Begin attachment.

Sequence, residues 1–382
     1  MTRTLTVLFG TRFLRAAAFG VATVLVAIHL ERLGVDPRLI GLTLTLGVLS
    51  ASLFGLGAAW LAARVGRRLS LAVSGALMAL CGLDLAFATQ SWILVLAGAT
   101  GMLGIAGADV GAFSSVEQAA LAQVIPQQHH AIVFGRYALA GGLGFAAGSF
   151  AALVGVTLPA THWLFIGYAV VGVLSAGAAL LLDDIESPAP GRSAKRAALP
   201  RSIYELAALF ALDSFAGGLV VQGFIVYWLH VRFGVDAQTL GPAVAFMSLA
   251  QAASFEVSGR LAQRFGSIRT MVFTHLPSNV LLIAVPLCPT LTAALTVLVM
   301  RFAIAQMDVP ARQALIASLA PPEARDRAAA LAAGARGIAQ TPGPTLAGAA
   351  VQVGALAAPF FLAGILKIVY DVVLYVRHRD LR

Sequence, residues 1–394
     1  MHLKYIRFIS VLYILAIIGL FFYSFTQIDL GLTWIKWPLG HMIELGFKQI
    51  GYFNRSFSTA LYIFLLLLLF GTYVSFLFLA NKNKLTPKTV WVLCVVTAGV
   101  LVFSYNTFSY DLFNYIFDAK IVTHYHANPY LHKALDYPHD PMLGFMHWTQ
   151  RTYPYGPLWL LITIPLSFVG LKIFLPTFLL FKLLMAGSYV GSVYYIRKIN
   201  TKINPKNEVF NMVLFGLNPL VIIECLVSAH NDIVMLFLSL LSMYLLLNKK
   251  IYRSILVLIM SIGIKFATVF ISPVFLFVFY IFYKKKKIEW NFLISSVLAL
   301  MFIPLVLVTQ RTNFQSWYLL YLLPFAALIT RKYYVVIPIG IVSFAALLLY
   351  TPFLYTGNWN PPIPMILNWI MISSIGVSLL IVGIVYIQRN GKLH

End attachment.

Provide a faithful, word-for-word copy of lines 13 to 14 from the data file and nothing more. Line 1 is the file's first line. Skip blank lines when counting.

   101  LVFSYNTFSY DLFNYIFDAK IVTHYHANPY LHKALDYPHD PMLGFMHWTQ
   151  RTYPYGPLWL LITIPLSFVG LKIFLPTFLL FKLLMAGSYV GSVYYIRKIN